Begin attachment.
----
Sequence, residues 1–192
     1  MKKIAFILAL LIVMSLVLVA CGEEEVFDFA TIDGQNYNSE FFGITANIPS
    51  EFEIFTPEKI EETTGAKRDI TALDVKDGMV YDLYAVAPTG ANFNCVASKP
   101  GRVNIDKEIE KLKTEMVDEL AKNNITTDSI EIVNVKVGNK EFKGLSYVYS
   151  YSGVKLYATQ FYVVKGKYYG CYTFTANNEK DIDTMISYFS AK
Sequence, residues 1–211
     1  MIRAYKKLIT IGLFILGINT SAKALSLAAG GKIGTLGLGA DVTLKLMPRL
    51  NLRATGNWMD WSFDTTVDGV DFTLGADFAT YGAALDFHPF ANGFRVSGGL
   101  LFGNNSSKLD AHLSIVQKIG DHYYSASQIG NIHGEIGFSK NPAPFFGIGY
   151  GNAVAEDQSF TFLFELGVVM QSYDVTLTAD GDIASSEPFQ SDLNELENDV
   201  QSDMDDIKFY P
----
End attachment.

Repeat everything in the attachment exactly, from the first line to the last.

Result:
Sequence, residues 1–192
     1  MKKIAFILAL LIVMSLVLVA CGEEEVFDFA TIDGQNYNSE FFGITANIPS
    51  EFEIFTPEKI EETTGAKRDI TALDVKDGMV YDLYAVAPTG ANFNCVASKP
   101  GRVNIDKEIE KLKTEMVDEL AKNNITTDSI EIVNVKVGNK EFKGLSYVYS
   151  YSGVKLYATQ FYVVKGKYYG CYTFTANNEK DIDTMISYFS AK
Sequence, residues 1–211
     1  MIRAYKKLIT IGLFILGINT SAKALSLAAG GKIGTLGLGA DVTLKLMPRL
    51  NLRATGNWMD WSFDTTVDGV DFTLGADFAT YGAALDFHPF ANGFRVSGGL
   101  LFGNNSSKLD AHLSIVQKIG DHYYSASQIG NIHGEIGFSK NPAPFFGIGY
   151  GNAVAEDQSF TFLFELGVVM QSYDVTLTAD GDIASSEPFQ SDLNELENDV
   201  QSDMDDIKFY P